When much younger I smoked cigarettes, lots and lots of cigarettes; at one time I smoked a pipe, but mainly cigarettes. I honestly forget how I started, it was probably because my Dad smoked, and all my mates commenced smoking, and you feel ‘left out’ if you aren’t doing what your mates are doing. There was a fair bit of advertising, mostly for British brands, and as I lived for most of my teenage years in a pub, we got used to smoking.
The advertising was all around us, from Senior Service, to Woodbines, the sophisticated smoked Gauloise, those who felt lucky went for Luckies, for Chesterfield; and of course for the big one: Marlborough. We smoked, and inhaled, and honestly believed that smoking helped us relax, and helped us tackle stress, and not too many people wondered why such an awful lot of cash was literally pouring into the Advertising.
When the British saw this in 1940, it wasn’t considered anything else than linking a patriotic photo with a product which was considered okay; after all if the Royal Navy smoked; and His Majesty the King smoked, what did that say for the products? Maybe a little naive, but we were at war, and we needed to cling to something. After the War was over, the ads got a lot more into our lives, and they went from ‘smoke this, and you are cool’ to ‘you are never alone with a Kent’.
Over in America, Big Tobacco was pushing for ‘Market Share’ with all the tobacco giants scrambling for their share of the suckers’ cash, and there was one hell of a lot of cash just swishing around. From Camels’ ‘less nicotine’ to Chesterfields’ ‘Top choice’, they all shoved their wares into the minds of America, but the big winner was Philip Morris; with one single advert series ‘Come back to Marlboro Country’, where they went from a one percent share to the fourth largest cigarette company in the USA. Darrell Winfield was the epitome of the Marlboro Man, an image which was designed to reflect that which Americans believe, and to a large extent, are, which is rugged, individualistic, and stubborn. He epitomised resilience, self-sufficiency, independence and free enterprise.”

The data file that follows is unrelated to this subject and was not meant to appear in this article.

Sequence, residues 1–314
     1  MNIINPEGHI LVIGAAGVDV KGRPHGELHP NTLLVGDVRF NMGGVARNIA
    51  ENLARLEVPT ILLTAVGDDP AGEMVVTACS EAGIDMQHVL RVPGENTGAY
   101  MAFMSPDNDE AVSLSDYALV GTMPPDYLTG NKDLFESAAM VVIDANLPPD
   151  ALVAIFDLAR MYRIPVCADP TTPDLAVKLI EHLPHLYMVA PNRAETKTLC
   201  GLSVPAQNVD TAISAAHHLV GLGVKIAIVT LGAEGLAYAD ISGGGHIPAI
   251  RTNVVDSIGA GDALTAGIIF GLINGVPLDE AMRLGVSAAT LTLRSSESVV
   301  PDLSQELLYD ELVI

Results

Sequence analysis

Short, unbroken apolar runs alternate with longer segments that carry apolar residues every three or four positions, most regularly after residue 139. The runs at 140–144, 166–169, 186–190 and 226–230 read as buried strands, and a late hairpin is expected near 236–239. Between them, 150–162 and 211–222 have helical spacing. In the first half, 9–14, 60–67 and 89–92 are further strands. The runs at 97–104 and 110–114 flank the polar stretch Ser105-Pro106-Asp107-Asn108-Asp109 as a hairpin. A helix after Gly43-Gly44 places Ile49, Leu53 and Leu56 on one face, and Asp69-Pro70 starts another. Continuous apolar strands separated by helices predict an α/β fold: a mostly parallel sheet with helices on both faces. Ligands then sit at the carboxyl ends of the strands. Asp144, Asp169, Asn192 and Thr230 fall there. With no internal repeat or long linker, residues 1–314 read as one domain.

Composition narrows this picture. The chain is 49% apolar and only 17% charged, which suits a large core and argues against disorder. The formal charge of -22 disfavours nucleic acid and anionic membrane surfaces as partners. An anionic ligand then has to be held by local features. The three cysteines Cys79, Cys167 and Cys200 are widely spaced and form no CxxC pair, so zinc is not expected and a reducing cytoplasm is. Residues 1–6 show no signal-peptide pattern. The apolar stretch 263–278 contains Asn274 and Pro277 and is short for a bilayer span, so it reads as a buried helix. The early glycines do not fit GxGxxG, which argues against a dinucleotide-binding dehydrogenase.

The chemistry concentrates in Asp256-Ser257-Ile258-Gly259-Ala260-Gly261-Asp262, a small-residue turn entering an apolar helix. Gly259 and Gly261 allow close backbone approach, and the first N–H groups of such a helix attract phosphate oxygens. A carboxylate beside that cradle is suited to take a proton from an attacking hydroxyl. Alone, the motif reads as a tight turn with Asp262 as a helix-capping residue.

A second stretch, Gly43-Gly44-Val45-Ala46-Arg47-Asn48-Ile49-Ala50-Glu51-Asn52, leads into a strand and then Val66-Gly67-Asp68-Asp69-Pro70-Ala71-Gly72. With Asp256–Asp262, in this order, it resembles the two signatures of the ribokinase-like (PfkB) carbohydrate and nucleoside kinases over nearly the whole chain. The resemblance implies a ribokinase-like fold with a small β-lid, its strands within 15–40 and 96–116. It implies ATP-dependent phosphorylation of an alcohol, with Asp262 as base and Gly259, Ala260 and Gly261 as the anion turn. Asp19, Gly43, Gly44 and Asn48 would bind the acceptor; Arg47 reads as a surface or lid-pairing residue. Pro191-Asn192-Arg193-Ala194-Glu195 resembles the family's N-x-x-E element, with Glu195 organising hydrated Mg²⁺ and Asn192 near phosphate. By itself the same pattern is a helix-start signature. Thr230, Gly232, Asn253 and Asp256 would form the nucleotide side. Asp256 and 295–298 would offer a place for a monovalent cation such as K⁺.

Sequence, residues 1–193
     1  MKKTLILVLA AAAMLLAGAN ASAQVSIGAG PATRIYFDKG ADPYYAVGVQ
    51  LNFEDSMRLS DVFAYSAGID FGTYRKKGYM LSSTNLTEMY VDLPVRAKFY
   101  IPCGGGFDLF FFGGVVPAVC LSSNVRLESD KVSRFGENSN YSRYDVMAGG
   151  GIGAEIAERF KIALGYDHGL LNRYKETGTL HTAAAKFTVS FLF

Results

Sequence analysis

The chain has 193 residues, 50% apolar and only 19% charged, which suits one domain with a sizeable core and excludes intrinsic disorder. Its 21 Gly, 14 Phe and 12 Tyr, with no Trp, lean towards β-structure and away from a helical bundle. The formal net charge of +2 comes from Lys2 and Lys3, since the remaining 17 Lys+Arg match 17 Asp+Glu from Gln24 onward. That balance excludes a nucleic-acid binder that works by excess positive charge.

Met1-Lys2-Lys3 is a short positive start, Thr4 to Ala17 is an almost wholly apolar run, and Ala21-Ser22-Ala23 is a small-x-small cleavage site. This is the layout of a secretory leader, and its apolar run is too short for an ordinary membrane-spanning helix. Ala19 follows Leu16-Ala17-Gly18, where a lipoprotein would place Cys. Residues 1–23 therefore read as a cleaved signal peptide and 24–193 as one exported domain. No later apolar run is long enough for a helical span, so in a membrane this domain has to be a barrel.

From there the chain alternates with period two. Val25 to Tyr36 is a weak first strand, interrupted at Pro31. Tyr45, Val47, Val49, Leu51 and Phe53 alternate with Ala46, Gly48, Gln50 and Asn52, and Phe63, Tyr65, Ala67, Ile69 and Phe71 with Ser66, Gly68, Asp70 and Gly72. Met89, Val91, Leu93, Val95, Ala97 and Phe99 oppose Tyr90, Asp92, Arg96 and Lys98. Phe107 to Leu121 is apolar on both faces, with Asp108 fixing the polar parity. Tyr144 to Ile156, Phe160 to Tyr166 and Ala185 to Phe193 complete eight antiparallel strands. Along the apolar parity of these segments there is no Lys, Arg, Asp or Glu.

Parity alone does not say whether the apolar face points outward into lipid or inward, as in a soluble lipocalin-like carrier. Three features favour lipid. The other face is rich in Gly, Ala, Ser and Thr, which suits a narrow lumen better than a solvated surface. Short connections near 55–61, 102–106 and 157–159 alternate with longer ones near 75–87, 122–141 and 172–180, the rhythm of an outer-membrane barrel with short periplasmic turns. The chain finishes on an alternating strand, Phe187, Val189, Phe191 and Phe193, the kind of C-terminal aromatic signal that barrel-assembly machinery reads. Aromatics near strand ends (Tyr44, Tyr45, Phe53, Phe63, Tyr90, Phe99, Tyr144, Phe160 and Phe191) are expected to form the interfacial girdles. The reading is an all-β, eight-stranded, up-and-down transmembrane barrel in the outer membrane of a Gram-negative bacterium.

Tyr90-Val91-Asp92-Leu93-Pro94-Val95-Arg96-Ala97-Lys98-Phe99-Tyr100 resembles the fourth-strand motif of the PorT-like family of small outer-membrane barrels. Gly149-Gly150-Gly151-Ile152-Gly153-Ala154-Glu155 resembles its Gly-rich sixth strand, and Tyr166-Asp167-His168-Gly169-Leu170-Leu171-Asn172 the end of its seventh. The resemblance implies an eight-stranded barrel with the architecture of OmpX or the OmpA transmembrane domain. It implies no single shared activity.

The adverts also were, legally, very very subtle and clever. Because they levered the ‘individualistic’ idea of America, they also pushed the ‘fact’ that the smoker chooses to smoke entirely of his own free will, and nobody made him inhale noxious substances by force.
I stopped smoking over thirty years ago, before I returned to England with my family. It was a nightmare journey which lasted for over a fortnight; I was like a bear with a sore head, my kids walked softly past my armchair; and the worst part was when I found myself reaching out for a non-existent pack of smokes. But then the craving went away, I re-discovered my sense of smell, of taste, and the fiction that it helped me relax was also found to be false. I had been addicted, and I had broken that addiction. Fortunately, all of my kids have never smoked, as they have far too much sense, and of course they saw what it did to me, with a hacking cough which never seemed to leave me, together with the reek of tobacco smoke on all my clothing. I stopped for purely economic reasons when we left South Africa; I was buying thirty smokes for 30p, and when we came back in 1984, I saw the prices on the shelves at twenty smokes for £1.85. I had a ‘health check-up’ about eight years after I stopped smoking, and the Consultant remarked ‘Your lungs are just starting to recover’. Says a great deal for the strength of my body, but also a great deal about the suggestive power of words, and pictures, in adverts today!